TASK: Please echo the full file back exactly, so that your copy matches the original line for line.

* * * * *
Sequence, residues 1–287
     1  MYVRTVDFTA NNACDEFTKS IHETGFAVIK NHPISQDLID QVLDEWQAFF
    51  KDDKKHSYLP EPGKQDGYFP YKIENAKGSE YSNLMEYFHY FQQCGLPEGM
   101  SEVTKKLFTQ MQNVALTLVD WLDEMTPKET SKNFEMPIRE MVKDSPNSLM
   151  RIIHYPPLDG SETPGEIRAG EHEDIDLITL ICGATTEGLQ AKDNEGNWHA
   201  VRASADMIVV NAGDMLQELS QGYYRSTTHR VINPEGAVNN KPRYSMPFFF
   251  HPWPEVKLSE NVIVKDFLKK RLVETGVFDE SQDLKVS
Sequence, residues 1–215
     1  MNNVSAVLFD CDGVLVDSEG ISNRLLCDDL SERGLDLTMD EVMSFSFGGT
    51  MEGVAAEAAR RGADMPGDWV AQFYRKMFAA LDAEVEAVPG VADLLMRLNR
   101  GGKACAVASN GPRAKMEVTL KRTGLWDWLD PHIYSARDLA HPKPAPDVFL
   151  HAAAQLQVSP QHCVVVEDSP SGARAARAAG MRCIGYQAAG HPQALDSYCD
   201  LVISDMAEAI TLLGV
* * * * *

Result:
Sequence, residues 1–287
     1  MYVRTVDFTA NNACDEFTKS IHETGFAVIK NHPISQDLID QVLDEWQAFF
    51  KDDKKHSYLP EPGKQDGYFP YKIENAKGSE YSNLMEYFHY FQQCGLPEGM
   101  SEVTKKLFTQ MQNVALTLVD WLDEMTPKET SKNFEMPIRE MVKDSPNSLM
   151  RIIHYPPLDG SETPGEIRAG EHEDIDLITL ICGATTEGLQ AKDNEGNWHA
   201  VRASADMIVV NAGDMLQELS QGYYRSTTHR VINPEGAVNN KPRYSMPFFF
   251  HPWPEVKLSE NVIVKDFLKK RLVETGVFDE SQDLKVS
Sequence, residues 1–215
     1  MNNVSAVLFD CDGVLVDSEG ISNRLLCDDL SERGLDLTMD EVMSFSFGGT
    51  MEGVAAEAAR RGADMPGDWV AQFYRKMFAA LDAEVEAVPG VADLLMRLNR
   101  GGKACAVASN GPRAKMEVTL KRTGLWDWLD PHIYSARDLA HPKPAPDVFL
   151  HAAAQLQVSP QHCVVVEDSP SGARAARAAG MRCIGYQAAG HPQALDSYCD
   201  LVISDMAEAI TLLGV